Manawatu Standard

Pandemic changes playing field

- Paul Mitchell

The pandemic has permanentl­y changed the playing field for workers and their lunch habits, as many Manawatu¯ businesses embrace and retain the workfrom-home options that got them through lockdown.

A recent survey of Manawatu¯ businesses a year after lockdown, as part of 2degrees’ latest Shaping Business Study, found 77 per cent had staff who worked from home full or part-time.

It was a massive change from the pre-covid days, when 55 per cent of the businesses didn’t offer the option at all, which confirmed the early signs of a permanent shift the Central Economic Developmen­t Agency noticed last June.

Agency spokeswoma­n Janet Reynolds said many organisati­ons, including her own, learned during alert levels 4 and 3 that accommodat­ing working from home actually increased productivi­ty and staff morale – as well as made more people available for full-time hours.

Nina Mercer, who works at the agency, said the new flexibilit­y allowed her to work full-time for the first time since her oldest son was born 15 years ago.

‘‘I feel like I’ve got more career prospects, working full-time ... which I wouldn’t have had access to for a few more years without [this change].’’

Her three kids were growing older and more independen­t, but being able to be there at 3pm after school was invaluable

‘‘For a bit I become a taxi service for roller skating and jiu jitsu practice ... But then they pretty much ignore me and I can get stuck back into work.’’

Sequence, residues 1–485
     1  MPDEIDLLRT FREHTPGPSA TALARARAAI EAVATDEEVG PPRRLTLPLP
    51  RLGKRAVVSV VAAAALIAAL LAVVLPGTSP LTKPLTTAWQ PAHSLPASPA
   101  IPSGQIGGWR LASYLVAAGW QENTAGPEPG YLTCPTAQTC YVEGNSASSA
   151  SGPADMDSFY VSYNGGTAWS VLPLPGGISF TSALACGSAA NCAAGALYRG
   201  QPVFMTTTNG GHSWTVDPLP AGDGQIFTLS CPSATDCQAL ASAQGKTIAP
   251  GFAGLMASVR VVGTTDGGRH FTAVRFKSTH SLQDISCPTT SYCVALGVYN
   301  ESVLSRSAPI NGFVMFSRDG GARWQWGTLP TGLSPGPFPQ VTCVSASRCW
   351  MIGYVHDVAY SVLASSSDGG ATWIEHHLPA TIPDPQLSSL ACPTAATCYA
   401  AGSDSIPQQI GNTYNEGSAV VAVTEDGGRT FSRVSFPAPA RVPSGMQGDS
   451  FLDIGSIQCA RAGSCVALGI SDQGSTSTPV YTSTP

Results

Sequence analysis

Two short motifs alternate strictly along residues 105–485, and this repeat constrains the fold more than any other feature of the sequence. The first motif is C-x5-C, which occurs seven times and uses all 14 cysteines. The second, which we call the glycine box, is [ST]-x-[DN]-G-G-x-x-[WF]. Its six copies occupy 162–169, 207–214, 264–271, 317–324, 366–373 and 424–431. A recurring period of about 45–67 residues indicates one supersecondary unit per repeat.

FMG Insurance people and culture general manager Peter Frizzell said while working from home wasn’t a one-size fits all solution, since some jobs required face-to-face interactio­ns, the company greatly expanded its existing work-from-home policy during the pandemic.

A technology upgrade was brought forward so staff could work from home and keep clients informatio­n secure.

Frizzell said having a wholly home-based workforce went so smoothly, it remained an option for anyone who could do their job from home.

FMG establishe­d a comprehens­ive checklist and virtual workplace assessment, based on lessons learned in lockdown, to ensure staff who regularly worked from home had a comfortabl­e set-up that didn’t increase the risk of issues such as repetitive strain injuries longterm.

Frizzell said a recent employee survey showed staff were happy with the new normal, and keen to explore other options on top of the choice to work from home.

Verdict Cafe owner Carole Hawley said many of her customers were workers from nearby offices, and the rise in those working from home had taken a noticeable bite out of the lunch crowd. ‘‘They all do it now, and it’s made a big difference to the amount of people around at lunchtime in the CBD.’’

Cafe Express manager Suzie Richards said the dip in the workday crowdsmean­t the cafe wasn’t quite as pumping as it used to be. ‘‘It sucks... but we’re not struggling. We’re still getting the trusty morning teaers (sic), even if the lunch crowd has vanished a bit.’’

‘‘I feel like I’ve got more career prospects, working full-time ... which I wouldn’t have had access to for a few more years without [this change].’’

Nina Mercer

 ?? WARWICK SMITH/STUFF ?? Working from home has let Nina Mercer return to full-time work. She is pictured in her work space with 13-year-old son, Maclean, and the two family dogs, Emmy, left, and Jed.
WARWICK SMITH/STUFF Working from home has let Nina Mercer return to full-time work. She is pictured in her work space with 13-year-old son, Maclean, and the two family dogs, Emmy, left, and Jed.

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